http://www.tripadvisor.com.au/Attraction_Review-g298082-d2068091-Reviews-Tra_Que_Vegetable_Village-Hoi_An_Quang_Nam_Province.html

We leave the village and head back to Hoi An for one last restaurant visit and tasting at Bong Hong Trang Restaurant to see where the best White Rose dumplings are made (according to our guide). The restaurant is fairly simple in décor and as we grab a table inside, I can see a large communal table at the back where several young girls are sitting down making dumplings. I stood and watched for a while, thinking that it looked to be somewhat easy, so I grabbed a chair and some dough and attempted to make the rose shape myself but I found out the hard way that there is a lot of skill involved in making those things.

With my career in dumpling making now in tatters, I went back to our table and ate a few White Rose dumplings with a new found appreciation for the skill involved in preparing them. The dumplings are delicious and beautifully presented but at this point, I can’t eat any more food.

http://www.tripadvisor.com.au/Restaurant_Review-g298082-d1994933-Reviews-Bong_Hong_Trang_Restaurant-Hoi_An_Quang_Nam_Province.html

It’s time to pack up and leave Hoi An, make our way to the airport in Danang for the next leg of our tour, however we were unable to previously visit the Marble Mountains as scheduled due to the incessant rain, so Huy has revised our schedule to fit in a tour and some much needed exercise before our late afternoon flight.

Just as we arrive it starts to drizzle but it’s dry enough to make the walk safely. The caves within the Marble Mountains were used by the Viet Cong as a makeshift hospital, which are now home to shrines and small chapels. Incredulously, the US also used the summit for helicopter landings during the war. There are many well-preserved pagodas and Buddhist temples throughout the park with amazing architecture amongst the rainforest. It felt great just to walk and climb over the mountains to see the incredible views of the city below.

At this point in our trip, we were also meant to visit China Beach but Kylie and I opt for an early arrival at the airport and say goodbye to our Central Vietnam guide, Huy.

A short flight later and we arrive in Ho Chi Minh City and meet our new guide, Binh, who will be looking after us during our stay in southern Vietnam. Ho Chi Minh, HCMC or Saigon, call it what you will, the city feels vastly different from Central Vietnam – for one thing, it’s not raining, it’s warm and it has a distinct Western or modern feel about the city. As our car heads downtown towards the hotel, Binh help us find our bearings and where there are suitable places to eat for dinner.

Much later in the evening, Kylie and I take the opportunity to explore our new surrounds and enjoy the warmth of the evening air. After our experiences in Hoi An, the ability to choose our own restaurant for dinner is almost exhilarating. During our wanderings we found a popular restaurant called Hoa Tuc with a wonderful ambience and a lovely outdoor dining area. Hoa Tuc is a restaurant specialising in contemporary Vietnamese cuisine, and also runs the “Saigon Cooking Class” that Kylie and I will be participating in on Tuesday, so it’s almost like a mini-stakeout.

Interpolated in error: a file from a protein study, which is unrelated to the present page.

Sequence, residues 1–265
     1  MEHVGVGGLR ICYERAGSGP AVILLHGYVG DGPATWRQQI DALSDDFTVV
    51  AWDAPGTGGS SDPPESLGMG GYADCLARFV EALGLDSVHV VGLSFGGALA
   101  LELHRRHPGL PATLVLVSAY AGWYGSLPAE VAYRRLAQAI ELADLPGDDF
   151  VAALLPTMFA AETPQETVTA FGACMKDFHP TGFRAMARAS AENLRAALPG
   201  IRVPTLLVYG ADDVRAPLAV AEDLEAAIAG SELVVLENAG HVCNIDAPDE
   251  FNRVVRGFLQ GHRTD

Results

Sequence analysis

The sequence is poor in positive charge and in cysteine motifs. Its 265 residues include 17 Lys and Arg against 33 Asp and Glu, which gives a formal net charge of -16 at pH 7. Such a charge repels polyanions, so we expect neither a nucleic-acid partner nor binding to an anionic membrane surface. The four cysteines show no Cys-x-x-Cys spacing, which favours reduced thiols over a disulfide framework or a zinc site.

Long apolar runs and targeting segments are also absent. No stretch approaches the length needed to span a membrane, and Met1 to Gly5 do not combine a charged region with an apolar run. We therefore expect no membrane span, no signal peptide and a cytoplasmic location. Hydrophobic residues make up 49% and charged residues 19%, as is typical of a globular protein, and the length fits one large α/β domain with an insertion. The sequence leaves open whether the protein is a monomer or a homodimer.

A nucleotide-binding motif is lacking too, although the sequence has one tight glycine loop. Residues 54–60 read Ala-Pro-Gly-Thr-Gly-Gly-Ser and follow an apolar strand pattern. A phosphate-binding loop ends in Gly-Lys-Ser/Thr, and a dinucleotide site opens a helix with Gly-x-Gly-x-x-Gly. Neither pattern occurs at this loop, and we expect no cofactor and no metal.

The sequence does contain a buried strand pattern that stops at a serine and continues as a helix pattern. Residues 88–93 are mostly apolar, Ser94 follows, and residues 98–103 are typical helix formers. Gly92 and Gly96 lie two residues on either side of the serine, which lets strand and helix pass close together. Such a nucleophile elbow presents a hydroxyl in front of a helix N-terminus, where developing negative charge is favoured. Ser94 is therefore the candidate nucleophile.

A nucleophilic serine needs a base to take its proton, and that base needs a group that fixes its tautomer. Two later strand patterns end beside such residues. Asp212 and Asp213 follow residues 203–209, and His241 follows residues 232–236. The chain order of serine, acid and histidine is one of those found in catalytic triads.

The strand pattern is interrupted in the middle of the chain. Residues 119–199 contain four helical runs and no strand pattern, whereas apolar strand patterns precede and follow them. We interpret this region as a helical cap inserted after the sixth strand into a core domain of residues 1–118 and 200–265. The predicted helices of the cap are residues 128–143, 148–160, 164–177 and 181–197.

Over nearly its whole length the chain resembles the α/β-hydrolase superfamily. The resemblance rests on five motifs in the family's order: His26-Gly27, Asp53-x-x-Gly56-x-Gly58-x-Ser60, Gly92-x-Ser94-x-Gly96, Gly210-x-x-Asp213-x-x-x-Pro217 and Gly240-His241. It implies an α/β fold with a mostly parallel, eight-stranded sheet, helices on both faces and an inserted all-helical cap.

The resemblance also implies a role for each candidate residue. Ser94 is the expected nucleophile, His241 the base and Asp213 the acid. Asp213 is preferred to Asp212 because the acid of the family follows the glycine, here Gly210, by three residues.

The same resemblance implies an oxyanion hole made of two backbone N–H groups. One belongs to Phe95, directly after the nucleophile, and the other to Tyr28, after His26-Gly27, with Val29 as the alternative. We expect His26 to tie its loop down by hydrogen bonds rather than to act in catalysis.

We are wanting something light but the menu is extensive with lots of delectable food. On the specials board, we choose the Pan fried fillet of Vietnamese snapper with sautéed pineapple and coriander in an effort to acquaint ourselves with the local fish and the Spicy char-grilled beef with kumquat, mustard sprout, lemongrass and white eggplant salad because it sounds like an authentic contemporary dish.

The cocktails on offer, as ever, are great. The salad was the first dish to arrive at our table and exceeded all expectations. The flavours were excellent and we made a mental note to ask for the recipe when we were scheduled to return in a couple of days. I’ve tried Thai eggplant but this is my first experience with white eggplant and it’s very similar to the apple or Thai variety.

The fish dish on the other hand wasn’t so wonderful but we came to the conclusion that it was also partly our mistake. The fact that it was on the specials board, coupled with the fact that it was Sunday, should have rung alarm bells but we were probably too tired to think strategically. The mass of sautéed pineapple was used to mask the flavour of fish no longer in its prime, so we took that experience as a lesson learned. Nevertheless, it was a great restaurant in a beautiful setting with good service.

http://www.tripadvisor.com.au/Restaurant_Review-g293925-d1569216-Reviews-Hoa_Tuc-Ho_Chi_Minh_City.html

Fed and watered, we went to bed looking forward to tomorrow’s adventure to the Mekong Delta.

Disclaimer: All entries regarding the Vietnam Culinary Discovery tour within this blog reflect my own personal insights and experiences throughout my holiday and I was solely responsible for meeting all travel expenses incurred.